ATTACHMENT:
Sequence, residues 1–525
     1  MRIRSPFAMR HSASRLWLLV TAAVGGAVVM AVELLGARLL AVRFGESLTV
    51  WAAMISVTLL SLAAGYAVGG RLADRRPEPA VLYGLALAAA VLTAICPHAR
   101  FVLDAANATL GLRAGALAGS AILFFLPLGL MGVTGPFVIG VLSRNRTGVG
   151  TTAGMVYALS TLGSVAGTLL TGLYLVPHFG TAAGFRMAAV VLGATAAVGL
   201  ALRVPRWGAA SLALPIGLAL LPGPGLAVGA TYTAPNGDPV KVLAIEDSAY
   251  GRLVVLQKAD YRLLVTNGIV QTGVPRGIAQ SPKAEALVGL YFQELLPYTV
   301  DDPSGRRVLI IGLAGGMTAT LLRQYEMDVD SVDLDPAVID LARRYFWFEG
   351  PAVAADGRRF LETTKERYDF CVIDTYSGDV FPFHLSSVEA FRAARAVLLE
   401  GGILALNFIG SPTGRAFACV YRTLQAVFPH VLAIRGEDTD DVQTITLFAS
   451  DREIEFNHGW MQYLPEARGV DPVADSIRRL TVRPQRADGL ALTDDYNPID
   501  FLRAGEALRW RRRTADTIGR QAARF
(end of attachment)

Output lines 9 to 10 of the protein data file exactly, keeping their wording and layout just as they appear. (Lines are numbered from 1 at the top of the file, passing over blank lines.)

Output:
   351  PAVAADGRRF LETTKERYDF CVIDTYSGDV FPFHLSSVEA FRAARAVLLE
   401  GGILALNFIG SPTGRAFACV YRTLQAVFPH VLAIRGEDTD DVQTITLFAS